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Taylor Swift’s “The Tortured Poets Department” is her most emotionally complex album yet (Op-Ed)

Taylor Swift has long been lauded for her versatile songwriting and diverse range of genres. 

In her nearly-20 year career, she’s transitioned from simple country roots in debut album “Taylor Swift,” (2006) to incorporating influences of soft pop in “Fearless” (2008) and blends of pop, rock, and country in “Speak Now” (2010), her first fully self-written album. “Red” (2012) was a true career shift as a full pop album with lingering traces of country influence, while “1989” (2014) amped the genre to 100. “Reputation” (2017) acted as a genre and public image rebrand into electropop, providing a strong juxtaposing precedent to alternative rock, folk pop, and indie pop sister albums “folklore” (2020) and “evermore” (2020). “Midnights” (2022) provided not only a look back to more traditional pop roots, but also a full embrace of the electropop/bedroom pop/synth pop vibe that was initially introduced in “1989” (2014) and “Reputation” (2017).” 

“The Tortured Poets Department” (2024), released on April 19, is one of Swift’s most extensive and vulnerable projects yet, employing elements of previous albums and genres while delving into songwriting and lyricism that is hardly paralleled by other modern mainstream artists in the industry. 

Originally only consisting of 16 songs with a runtime of one hour and five minutes, Swift pulled a usual, yet unexpected curveball on the fanbase and released “The Tortured Poets Department: The Anthology” (2024) at 2:00 a.m. EST, providing an additional 15 songs to the original album- a move that is quite reminiscent of her release of “Midnights” (2022) and the subsequent “Midnights (3am Edition)” appropriately released 3 hours after the original tracks.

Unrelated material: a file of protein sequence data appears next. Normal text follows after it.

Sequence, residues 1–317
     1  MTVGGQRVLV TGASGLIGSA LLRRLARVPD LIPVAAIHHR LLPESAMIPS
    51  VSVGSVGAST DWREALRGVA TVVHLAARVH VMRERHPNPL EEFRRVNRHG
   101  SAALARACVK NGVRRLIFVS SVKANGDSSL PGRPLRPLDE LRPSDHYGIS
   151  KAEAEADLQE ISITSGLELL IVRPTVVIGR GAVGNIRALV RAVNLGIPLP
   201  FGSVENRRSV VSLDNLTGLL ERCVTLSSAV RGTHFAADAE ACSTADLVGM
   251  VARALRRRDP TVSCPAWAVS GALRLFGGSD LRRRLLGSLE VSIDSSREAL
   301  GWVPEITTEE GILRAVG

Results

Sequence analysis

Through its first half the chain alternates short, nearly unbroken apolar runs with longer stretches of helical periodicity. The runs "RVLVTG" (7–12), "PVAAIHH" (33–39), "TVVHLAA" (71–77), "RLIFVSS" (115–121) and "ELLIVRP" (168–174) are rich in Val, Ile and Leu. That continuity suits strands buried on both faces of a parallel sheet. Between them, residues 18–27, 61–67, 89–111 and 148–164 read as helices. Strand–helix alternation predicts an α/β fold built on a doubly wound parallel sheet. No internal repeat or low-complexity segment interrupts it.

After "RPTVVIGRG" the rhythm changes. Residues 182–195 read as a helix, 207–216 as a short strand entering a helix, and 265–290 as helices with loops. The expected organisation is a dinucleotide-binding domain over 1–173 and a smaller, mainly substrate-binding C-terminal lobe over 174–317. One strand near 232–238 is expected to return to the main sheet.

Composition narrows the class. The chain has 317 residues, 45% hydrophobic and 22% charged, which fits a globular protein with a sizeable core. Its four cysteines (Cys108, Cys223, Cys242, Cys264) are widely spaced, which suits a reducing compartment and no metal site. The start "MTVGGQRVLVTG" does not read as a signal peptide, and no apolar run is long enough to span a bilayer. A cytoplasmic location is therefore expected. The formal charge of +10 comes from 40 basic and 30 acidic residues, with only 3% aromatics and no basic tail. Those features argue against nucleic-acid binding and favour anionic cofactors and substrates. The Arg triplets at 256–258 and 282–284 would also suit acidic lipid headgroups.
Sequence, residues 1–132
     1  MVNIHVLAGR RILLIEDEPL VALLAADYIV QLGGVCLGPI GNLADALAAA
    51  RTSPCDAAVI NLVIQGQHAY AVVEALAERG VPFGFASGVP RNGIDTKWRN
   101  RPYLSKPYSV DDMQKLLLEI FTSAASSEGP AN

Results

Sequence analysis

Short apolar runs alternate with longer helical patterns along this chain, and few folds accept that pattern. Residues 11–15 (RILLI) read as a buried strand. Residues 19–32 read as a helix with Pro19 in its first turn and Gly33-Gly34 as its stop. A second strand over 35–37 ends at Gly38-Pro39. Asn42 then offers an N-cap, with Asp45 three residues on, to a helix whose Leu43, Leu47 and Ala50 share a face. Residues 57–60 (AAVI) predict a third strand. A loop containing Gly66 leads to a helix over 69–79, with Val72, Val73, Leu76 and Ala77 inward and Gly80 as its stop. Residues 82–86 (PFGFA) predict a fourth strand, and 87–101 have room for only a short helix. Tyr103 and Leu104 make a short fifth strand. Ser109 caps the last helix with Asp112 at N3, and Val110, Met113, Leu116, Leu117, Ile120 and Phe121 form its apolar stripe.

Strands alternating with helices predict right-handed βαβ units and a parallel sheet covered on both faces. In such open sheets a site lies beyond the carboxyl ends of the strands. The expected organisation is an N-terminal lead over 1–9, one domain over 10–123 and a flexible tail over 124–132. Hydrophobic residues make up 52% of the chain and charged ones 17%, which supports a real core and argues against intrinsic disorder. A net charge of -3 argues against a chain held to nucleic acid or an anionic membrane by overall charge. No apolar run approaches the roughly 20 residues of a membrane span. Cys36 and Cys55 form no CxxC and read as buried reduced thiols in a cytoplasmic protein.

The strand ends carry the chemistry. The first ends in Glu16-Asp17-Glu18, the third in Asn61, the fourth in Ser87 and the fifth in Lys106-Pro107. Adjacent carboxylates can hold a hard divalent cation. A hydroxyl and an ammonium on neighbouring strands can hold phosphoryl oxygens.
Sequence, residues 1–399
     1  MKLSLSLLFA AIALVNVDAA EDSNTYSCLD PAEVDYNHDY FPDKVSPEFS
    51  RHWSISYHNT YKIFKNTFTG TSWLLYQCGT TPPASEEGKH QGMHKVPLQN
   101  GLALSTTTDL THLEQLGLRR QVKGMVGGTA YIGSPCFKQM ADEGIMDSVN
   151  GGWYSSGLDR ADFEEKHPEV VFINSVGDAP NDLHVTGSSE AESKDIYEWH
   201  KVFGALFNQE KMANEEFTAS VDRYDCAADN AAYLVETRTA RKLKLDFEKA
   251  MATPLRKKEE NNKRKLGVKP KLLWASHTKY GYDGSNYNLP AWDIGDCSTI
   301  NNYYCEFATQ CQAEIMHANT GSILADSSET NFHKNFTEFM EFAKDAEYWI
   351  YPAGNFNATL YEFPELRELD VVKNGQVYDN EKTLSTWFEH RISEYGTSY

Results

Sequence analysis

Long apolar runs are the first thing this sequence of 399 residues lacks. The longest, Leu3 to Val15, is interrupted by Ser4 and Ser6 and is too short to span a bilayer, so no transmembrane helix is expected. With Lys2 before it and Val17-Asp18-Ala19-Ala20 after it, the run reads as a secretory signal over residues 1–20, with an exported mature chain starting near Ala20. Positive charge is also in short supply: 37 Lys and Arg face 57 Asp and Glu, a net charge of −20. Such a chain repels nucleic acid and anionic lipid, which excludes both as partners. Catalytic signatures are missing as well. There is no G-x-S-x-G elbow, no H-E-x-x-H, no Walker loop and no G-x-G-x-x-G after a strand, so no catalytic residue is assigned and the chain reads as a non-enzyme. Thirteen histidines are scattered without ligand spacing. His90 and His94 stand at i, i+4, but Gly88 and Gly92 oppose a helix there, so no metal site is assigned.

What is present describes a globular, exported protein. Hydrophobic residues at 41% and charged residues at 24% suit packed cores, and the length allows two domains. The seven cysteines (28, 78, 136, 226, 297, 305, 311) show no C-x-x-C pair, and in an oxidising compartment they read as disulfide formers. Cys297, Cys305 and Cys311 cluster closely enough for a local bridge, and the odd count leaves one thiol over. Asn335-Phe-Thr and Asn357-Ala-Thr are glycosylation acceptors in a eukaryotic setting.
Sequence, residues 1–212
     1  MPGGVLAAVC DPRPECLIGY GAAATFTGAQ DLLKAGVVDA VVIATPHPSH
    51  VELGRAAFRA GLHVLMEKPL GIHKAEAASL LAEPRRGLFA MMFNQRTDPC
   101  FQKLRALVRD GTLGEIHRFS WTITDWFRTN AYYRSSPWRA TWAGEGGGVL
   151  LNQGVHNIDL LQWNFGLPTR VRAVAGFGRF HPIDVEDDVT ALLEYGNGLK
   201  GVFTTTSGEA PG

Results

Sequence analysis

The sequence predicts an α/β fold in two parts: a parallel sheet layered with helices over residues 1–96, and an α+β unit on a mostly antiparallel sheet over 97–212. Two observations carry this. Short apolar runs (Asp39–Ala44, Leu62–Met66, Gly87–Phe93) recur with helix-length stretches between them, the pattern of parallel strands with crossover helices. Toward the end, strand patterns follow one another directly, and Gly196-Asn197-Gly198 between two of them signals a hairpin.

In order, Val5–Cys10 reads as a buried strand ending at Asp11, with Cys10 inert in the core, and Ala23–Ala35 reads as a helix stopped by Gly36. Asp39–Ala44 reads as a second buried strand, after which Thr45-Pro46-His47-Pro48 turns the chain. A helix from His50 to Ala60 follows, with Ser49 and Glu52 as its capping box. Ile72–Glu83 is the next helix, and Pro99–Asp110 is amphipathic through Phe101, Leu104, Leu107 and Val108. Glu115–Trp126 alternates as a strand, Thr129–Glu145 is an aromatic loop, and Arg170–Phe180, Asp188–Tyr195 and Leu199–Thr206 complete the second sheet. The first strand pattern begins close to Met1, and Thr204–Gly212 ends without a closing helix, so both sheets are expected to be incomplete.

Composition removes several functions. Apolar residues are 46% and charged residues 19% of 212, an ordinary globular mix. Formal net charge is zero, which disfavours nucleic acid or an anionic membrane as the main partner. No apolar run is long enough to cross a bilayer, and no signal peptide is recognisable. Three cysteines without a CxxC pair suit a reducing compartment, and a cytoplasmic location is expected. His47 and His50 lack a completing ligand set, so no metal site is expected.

This full collection of tracks, accompanied by a album aesthetic swathe of cool white, taupe, charcoal, beige, and black, reminisces on the complex emotional turmoil, joy, questioning, elation, and devastation of love and fame, written with thematic and deeply poetic lyrics that are quite personal to Swift while simultaneously providing a relatable voice for those listening who may experience the same feelings and emotions. 

With collaborations featuring Post Malone and Florence + The Machine, Swift embraces a marriage of her pop, folk, and alternative rock ventures, all supported by a strong synth throughout. 

From the lead single “Fortnite (feat. Post Malone)” (2024) detailing the impact of a whirlwind two-week fling, to a reflection on continuing a tour and music releases while shunning public opinion amid the fallout of a long-term breakup in “I Can Do It With a Broken Heart” (2024), Swift fully exposes her deepest experiences a a global pop star who has experienced life and love as anyone else in all of its intricate, beautiful, and heartbreaking forms, asserting that no amount of criticism, negative reviews, or doubt can take away the one thing that is truly hers: her voice. 


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